After Craven saw a Business Insider article highlighting a set of photos taken by Apple's earliest employees, she sent in an article she had written for Kilobaud magazine called, "The Remarkable Apple Computer." The piece is a dissection of Apple's launch product following an interview with Steve Jobs and Steve Wozniak.
Craven recalls that she flew up from L.A. and both Steves picked her up in a red Chevy Luv Truck. They tossed her suitcase in the back and she sat between them in the front seat as they headed out to lunch.
Of course, Steve Jobs did all the talking. After lunch we drove to his parents home in Palo Alto—never went inside the house—straight to the garage. On a workbench sat a pc board. above the workbench on a shelf sat a TV set where wires dangled from it to the PC board. The whole time Steve Jobs was talking, explaining, outlining future plans for marketing and development, he was just about dancing on his tippy toes in his tennies. The Woz sat at the workbench, initiating the operating system (I suppose) to demonstrate a program. Woz was pretty quiet. I got that he was the engineering brain power, and Jobs was the idea guy.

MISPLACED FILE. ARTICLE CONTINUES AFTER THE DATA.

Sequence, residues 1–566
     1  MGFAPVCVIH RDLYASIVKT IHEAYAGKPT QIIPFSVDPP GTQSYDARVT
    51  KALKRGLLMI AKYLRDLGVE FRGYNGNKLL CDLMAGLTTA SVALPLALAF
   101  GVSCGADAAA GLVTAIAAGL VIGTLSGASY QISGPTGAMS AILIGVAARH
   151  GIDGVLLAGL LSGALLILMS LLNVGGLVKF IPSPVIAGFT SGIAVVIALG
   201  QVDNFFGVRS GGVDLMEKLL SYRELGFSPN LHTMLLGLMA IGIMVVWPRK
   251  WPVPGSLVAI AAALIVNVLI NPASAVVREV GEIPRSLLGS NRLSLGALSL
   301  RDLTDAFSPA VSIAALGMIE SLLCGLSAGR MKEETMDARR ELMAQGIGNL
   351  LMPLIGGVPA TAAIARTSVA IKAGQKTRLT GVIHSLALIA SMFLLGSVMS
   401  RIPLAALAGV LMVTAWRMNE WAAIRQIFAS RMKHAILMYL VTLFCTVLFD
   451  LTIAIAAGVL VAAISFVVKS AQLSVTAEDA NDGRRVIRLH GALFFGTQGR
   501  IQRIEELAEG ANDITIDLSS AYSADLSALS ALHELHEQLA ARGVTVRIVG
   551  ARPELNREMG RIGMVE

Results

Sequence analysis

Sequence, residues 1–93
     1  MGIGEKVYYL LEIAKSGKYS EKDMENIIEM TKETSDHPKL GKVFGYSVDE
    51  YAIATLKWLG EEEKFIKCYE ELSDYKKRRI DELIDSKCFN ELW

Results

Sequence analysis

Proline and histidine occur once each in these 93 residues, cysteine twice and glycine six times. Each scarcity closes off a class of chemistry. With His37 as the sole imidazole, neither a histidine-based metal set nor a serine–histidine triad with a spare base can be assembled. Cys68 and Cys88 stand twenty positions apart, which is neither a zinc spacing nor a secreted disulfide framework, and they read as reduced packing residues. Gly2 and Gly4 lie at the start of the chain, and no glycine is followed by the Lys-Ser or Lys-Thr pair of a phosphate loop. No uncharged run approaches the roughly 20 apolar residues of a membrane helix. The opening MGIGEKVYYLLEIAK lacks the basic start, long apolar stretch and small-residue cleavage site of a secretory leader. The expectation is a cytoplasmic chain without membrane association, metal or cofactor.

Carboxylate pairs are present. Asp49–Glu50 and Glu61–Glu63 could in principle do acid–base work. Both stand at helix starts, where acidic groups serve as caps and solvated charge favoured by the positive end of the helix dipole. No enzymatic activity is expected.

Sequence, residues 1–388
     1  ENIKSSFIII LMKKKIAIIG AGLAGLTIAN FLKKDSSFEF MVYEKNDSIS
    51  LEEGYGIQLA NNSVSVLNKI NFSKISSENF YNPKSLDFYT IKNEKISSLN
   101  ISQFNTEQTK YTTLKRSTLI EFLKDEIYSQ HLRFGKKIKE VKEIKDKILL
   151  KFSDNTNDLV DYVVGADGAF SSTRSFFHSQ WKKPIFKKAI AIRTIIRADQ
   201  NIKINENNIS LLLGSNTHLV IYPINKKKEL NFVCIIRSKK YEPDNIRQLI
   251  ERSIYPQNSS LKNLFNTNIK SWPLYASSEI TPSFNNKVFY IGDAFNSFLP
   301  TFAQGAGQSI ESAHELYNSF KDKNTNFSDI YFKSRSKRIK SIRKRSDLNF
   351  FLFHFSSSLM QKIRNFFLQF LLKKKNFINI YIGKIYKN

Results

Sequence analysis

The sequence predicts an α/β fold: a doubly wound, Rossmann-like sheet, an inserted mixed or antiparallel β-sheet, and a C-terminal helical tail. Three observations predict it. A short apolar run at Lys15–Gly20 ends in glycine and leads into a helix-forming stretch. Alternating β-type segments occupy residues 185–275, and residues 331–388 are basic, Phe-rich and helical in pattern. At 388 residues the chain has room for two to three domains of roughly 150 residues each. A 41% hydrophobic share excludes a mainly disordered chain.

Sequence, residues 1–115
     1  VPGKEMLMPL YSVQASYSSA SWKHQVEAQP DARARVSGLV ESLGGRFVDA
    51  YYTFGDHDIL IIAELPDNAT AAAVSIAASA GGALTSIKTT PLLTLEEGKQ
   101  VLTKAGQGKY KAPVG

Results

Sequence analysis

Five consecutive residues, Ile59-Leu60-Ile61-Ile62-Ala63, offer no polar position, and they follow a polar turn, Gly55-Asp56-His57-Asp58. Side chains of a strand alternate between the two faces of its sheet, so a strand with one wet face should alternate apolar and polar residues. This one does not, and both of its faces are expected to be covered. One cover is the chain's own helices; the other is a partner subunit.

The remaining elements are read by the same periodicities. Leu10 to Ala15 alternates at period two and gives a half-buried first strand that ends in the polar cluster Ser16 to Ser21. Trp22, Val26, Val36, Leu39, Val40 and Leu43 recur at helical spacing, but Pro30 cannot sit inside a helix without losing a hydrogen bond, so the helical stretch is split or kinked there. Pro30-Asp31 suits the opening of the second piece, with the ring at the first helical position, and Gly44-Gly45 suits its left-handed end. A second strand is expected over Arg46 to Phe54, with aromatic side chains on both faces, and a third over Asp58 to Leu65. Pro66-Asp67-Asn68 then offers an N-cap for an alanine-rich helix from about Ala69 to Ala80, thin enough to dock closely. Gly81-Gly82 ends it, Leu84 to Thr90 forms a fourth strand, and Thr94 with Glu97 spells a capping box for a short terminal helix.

One of the things Jobs told me was that they would make certain there would be an Apple in every classroom and on every desk, because if kids grew up using and knowing the Apple, they would continue to buy Apples and so would their kids. The computers would be donated by Apple Computer. I understand that when that article came out, orders starting pouring in, and Apple Computer was seriously launched.
Notably, BI checked with Woz to verify if it was really the first article about Apple and he agreed.
"Seems quite the way it was," Wozniak said. "The only thing I can note is that we were demonstrating the Apple ][ before we shipped any Apple I’s, so we knew that it was a temporary project."
Take a look at the newspaper scans below!